Money Makers

Making the most of the Cheltenham Festival

By Phil Mellows

- Last updated on GMT

Making the most of the Cheltenham Festival

Related tags: Cheltenham gold cup

If your pub can establish itself as a destination for horse racing fans, there are thousands of chances to cash in every year.

You may not quite be able to hear the famous roar from the grandstand as the racing calendar’s most famous four days deliver their usual muddy drama, but that shouldn’t prevent you capturing a little of the atmosphere of the Cheltenham Festival next month.

For the right pub, the event can provide the best trading week of the year, a rare opportunity to entertain customers for extended hours during the week.

Make no mistake, the audience is there. An Ipsos MORI out-of-home panel survey last year revealed that horse racing is one of the top three sports for attracting regular, weekly viewers in a licensed venue.

And the prize is there, too. Put yourself on the map during Cheltenham week, and the local racing crowd could be making it a date for up to 10,500 races every year.

At Brighton pub, the Golden Cannon, sales typically double during Cheltenham Festival week as people leave work early to call in and enjoy the atmosphere — and a buffet that licensee Phil Reeves lays on to keep them there longer.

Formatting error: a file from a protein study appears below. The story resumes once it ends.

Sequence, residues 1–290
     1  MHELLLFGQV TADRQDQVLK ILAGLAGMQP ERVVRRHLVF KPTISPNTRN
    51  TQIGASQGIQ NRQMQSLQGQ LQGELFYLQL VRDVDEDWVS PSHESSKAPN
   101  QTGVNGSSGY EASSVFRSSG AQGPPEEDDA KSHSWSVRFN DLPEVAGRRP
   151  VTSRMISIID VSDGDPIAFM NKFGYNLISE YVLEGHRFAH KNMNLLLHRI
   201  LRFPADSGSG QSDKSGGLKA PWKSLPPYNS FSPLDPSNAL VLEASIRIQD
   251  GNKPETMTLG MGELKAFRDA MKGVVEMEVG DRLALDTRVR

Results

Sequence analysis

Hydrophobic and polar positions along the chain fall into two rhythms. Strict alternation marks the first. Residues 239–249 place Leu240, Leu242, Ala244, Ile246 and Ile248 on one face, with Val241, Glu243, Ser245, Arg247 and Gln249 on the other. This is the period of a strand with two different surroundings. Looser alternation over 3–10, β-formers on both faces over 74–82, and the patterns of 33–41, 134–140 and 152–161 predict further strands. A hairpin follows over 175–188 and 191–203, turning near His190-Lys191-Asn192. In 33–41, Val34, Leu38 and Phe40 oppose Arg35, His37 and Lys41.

The Cannon, part of Sussex’s Regency Corporation group, subscribes to Sky’s racing package and aims to offer “the experience and excitement of being at the races for those who can’t actually go”.

With horse racing coverage on screen for an average eight hours a day, 361 days a year, it attracts strong daytime trade to the pub, particularly around meetings such as Cheltenham.

“When I came here I did my homework and discovered no other pub around here offered live sport, let alone horse racing,” Reeves says. “It’s a neat fit because we have a bookies across the road and people will have a flutter and then come in, enjoy a pint and watch the race.

“Horse racing creates a sense of community in the pub — we even have our own racehorse syndicate and horse called Cannon Fodder!”

With multiple TVs, the Cannon also appeals to football and rugby fans. “Showing the football at the same time as racing is crucial to our offer,” says Reeves.

Following the races

The Cheltenham Festival runs from Tuesday, 10 March to Friday, 13 March, and pubs with a subscription to Sky’s Racing UK channel will be able to screen all 27 races live, with build-up from 9.30am to 1pm on all four days.

Channel 4 will be showing five races a day on terrestrial TV.

How to be a victor

Sky’s top 10 tips for winning racing coverage at your pub:

  1. Appoint a member of staff to manage and control what’s shown. Pubs with two screens that subscribe to Sky’s Racing Pack can simultaneously show both Racing UK and At The Races to guarantee a race every few minutes.
  2. Know the week’s TV schedule and highlight midweek coverage to your weekend customers.